March 22, 2017
Civic technology, or Civic Tech, is defined as a technology that enables greater participation in government or otherwise assists government in delivering citizen services and strengthening ties with the public. In other words, Civic Tech is where the public lends its talents, usually voluntarily, to help government do a better job. Moreover, Omidyar Network (which invested over $90 million across 35 civic tech organizations over the past decade) emphasizes that like a movement, civic tech is mission-driven, focused on making a change that benefits the public, and in most cases enables better public input into decision making.
As an emerging sector, Civic Tech is defined as incorporating any technology that is used to empower citizens or help make government more accessible, efficient, and effective. Civic tech isn’t just talk, Omidyar notes, it is a community of people coming together to create tangible projects and take action. The civic tech and open data movements have grown with the ubiquity of personal technology.
Civic tech can be defined as a convergence of various fields. An example of such convergence has been given by Knight Foundation, a national foundation with a goal to foster informed and engaged communities to power a healthy democracy:
In the report called Engines of Change: What Civic Tech Can Learn From Social Movements, Civic Tech is divided into three categories:
In 2015, Forbes reported that Civic Tech makes up almost a quarter of local and state government spendings on technology. More importantly, spending on Civic Tech is growing 14 times faster than spending on traditional technology. The third category, GovTech, is a particularly interesting one given that governments spend $400+ Billion dollars a year on GovTech. The US government, in particular, is a massive entity that requires collaboration from the tech community to run it effectively (it employs roughly 15% of the entire US labor force, making it the single largest enterprise in America, as the Govtech Fund reports).
Civic tech initiatives address a diverse range of industries – from energy and payments to agriculture and telecommunications. Mattermark outlines the following top ten industries associated with government and civic tech:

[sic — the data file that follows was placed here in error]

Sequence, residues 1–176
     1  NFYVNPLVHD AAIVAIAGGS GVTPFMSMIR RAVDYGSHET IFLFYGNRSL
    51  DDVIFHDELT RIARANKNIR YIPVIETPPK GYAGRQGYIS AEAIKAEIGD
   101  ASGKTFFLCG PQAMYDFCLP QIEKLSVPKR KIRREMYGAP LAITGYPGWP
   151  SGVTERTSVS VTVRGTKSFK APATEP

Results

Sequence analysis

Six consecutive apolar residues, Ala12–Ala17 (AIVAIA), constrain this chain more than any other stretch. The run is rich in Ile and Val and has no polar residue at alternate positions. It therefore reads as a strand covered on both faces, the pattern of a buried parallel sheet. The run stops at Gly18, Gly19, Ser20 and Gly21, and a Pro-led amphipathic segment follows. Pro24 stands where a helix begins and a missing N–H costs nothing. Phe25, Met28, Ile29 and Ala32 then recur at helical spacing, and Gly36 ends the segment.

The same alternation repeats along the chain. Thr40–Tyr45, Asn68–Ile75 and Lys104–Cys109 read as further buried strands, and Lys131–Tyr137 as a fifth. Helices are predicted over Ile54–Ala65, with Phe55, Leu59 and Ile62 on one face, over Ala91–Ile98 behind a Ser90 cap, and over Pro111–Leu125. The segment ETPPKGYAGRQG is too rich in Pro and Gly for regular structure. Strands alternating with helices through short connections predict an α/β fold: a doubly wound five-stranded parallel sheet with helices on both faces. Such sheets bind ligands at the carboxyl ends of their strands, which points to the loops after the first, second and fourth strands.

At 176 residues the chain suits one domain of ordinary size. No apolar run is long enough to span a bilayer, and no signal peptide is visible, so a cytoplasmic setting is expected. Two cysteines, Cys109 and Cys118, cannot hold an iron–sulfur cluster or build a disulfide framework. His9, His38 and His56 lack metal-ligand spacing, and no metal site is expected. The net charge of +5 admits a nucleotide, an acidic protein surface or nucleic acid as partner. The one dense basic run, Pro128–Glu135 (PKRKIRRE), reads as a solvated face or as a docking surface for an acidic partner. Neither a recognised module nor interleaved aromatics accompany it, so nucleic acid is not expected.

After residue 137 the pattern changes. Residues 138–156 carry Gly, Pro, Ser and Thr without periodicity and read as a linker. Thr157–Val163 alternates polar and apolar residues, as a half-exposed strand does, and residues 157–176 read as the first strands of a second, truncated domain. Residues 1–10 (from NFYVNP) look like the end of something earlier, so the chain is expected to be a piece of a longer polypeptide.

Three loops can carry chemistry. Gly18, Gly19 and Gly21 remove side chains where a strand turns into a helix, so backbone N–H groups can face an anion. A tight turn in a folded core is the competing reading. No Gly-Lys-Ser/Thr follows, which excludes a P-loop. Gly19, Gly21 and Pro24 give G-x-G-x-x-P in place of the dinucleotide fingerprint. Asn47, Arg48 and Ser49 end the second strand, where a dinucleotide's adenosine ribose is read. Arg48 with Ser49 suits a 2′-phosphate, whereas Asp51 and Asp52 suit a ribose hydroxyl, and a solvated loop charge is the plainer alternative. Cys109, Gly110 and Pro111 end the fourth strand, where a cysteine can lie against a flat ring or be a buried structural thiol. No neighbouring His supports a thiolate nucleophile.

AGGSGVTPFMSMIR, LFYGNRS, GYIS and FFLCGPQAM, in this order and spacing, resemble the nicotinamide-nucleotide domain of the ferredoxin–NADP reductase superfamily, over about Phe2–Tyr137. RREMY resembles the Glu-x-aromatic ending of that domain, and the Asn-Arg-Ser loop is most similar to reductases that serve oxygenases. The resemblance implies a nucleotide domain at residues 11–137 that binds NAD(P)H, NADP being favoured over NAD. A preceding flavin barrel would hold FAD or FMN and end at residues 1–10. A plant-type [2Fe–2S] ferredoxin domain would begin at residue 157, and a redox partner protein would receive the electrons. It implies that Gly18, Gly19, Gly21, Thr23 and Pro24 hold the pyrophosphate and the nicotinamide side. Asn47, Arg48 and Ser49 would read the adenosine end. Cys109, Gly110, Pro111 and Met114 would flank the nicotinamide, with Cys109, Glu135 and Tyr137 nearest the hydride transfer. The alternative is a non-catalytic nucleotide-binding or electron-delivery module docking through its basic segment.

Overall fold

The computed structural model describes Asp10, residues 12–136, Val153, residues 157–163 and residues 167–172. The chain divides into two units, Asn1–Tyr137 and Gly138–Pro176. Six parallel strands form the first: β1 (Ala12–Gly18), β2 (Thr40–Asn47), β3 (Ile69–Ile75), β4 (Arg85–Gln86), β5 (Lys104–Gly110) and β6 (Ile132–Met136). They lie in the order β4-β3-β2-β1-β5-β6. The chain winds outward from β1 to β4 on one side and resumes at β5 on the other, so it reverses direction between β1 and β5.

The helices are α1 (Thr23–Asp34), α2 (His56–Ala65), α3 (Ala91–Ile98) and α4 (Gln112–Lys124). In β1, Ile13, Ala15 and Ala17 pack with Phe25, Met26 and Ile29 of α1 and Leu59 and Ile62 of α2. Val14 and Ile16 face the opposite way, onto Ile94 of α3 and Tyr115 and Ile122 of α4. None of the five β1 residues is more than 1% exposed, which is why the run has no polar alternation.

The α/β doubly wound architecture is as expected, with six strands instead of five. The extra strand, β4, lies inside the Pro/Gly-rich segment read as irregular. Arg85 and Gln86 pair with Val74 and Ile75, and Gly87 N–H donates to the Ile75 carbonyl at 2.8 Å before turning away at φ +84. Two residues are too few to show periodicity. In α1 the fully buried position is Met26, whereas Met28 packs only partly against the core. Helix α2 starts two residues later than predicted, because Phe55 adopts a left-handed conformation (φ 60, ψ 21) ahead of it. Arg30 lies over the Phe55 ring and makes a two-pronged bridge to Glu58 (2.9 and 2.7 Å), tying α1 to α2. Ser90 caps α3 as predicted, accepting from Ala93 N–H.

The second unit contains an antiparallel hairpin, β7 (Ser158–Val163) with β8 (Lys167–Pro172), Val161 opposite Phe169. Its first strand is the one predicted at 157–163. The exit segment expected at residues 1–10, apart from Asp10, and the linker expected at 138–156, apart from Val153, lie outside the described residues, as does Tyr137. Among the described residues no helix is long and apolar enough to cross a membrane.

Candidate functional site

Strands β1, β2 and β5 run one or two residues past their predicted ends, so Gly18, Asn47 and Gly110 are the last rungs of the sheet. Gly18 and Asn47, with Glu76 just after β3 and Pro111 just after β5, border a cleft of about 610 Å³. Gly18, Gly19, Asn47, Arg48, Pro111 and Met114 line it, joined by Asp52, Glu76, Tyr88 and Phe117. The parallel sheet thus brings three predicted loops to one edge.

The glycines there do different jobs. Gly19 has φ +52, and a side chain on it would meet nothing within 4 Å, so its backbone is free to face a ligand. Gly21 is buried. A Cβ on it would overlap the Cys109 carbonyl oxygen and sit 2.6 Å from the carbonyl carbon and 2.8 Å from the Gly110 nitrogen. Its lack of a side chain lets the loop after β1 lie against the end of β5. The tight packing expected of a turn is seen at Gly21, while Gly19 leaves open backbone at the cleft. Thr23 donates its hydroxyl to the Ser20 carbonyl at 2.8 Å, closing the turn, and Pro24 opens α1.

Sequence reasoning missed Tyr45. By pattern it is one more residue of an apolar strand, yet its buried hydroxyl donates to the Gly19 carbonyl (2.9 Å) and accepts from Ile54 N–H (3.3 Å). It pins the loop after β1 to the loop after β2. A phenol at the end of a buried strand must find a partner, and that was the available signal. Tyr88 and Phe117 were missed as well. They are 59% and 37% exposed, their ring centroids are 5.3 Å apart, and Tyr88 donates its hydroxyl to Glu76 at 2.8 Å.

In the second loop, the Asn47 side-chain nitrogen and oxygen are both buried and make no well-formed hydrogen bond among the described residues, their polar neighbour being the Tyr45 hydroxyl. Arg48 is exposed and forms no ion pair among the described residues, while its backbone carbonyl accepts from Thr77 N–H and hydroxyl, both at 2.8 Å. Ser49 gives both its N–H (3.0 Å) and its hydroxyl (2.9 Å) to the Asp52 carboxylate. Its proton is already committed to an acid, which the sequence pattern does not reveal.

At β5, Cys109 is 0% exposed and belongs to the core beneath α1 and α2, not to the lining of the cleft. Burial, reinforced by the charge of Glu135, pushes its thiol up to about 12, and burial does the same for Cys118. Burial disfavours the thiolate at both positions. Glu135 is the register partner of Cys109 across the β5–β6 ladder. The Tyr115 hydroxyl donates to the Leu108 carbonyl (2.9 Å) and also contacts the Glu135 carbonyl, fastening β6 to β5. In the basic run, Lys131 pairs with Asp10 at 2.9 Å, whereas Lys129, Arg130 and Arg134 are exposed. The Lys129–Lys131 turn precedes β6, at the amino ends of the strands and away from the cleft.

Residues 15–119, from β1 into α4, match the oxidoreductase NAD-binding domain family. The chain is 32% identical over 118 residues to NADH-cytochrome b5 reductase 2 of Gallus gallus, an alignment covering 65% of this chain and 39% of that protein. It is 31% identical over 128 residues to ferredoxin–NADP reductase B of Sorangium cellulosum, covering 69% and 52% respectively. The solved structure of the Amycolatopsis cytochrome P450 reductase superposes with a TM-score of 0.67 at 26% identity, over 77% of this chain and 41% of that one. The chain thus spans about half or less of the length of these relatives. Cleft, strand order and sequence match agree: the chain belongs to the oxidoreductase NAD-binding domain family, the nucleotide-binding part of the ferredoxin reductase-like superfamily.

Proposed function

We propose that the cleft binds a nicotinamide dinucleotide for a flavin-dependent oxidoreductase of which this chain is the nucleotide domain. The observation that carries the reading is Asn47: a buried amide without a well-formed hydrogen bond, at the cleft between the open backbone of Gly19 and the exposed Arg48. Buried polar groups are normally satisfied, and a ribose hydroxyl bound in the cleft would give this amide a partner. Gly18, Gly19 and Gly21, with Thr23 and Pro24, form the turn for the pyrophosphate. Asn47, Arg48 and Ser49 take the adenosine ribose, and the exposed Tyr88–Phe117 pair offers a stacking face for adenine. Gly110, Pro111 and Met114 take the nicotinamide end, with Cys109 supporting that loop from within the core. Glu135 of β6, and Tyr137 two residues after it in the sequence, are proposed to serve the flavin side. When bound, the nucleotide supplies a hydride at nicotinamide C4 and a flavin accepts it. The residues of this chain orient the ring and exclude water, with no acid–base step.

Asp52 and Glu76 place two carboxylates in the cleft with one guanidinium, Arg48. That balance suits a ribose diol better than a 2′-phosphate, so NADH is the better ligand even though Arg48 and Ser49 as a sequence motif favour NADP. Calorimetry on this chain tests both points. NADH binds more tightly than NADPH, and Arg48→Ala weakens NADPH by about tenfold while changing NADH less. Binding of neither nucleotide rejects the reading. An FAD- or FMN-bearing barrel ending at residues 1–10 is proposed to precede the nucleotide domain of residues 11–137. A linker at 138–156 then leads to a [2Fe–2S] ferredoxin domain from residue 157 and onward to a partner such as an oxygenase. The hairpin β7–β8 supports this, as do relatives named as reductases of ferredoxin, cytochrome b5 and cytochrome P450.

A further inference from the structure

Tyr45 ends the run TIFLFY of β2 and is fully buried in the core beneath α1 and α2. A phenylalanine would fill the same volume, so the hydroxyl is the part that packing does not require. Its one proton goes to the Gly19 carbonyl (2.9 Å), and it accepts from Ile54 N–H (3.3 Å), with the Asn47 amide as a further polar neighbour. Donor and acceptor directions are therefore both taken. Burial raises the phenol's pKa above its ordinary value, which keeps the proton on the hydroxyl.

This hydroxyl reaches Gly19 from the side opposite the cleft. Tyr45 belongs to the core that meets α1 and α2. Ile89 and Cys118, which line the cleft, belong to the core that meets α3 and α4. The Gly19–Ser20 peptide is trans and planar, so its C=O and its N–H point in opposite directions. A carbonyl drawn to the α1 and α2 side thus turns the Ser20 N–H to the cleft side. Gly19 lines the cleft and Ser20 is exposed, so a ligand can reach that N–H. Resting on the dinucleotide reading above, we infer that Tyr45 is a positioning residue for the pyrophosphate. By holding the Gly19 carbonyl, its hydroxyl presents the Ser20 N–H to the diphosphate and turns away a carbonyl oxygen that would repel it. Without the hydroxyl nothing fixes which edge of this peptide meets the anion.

A company that's not been mentioned yet, but certainly deserves a special attention is Ayasdi, which counts the US government as a client among major consumer brands and financial institutions. While the world is looking for the next big thing among newcomers, the real big thing – Ayasdi – is gradually conquering the most powerful players across industries.
Ayasdi helps companies around the world use artificial intelligence to automate business processes formerly thought of as exclusively in the domain of humans, to enable intelligent applications that augment and even surpass human capabilities and to make new discoveries in big data and high dimensional data. Developed by Stanford computational mathematicians, Ayasdi’s unique approach to machine intelligence leverages breakthrough mathematics, highly-automated software and inexpensive, scalable computers to revolutionize the process of converting big data into business impact.
The company gathered quite an influential ‘fan club,’ counting among clients Credit Suisse, Citi, United States Federal Reserve System, Siemens, The US Department of Homeland Security, UCSF, USDA, The Intelligence Advanced Research Projects Activity (IARPA), United States Department of Defense, Merck, and more. Ayasdi built partnerships with companies like Deloitte, Cloudera, Hortonworks, Intel, Teradata, among others, not mentioning notable investors.
There are certainly much more examples of GovTech/civic tech companies, and just tech startups offering solutions across the board that can significantly improve the way governments are run, and services are delivered to citizens and businesses. More importantly, GovTech should no longer be considered a charity and solely non-profit type of venture. Recently reviewed global P2G payments flows only, for example, are estimated to be at $7.7 trillion and represent a significant feature of the global payments landscape. For the low- and lower-middle-income countries alone, the number hits $375 billion (~50% of annual government expenditure).
As we have emphasized earlier, governments spend $400+ billion dollars a year on GovTech, and a range of startups are already shaping their businesses models to take advantage of a largely overlooked around the world opportunity.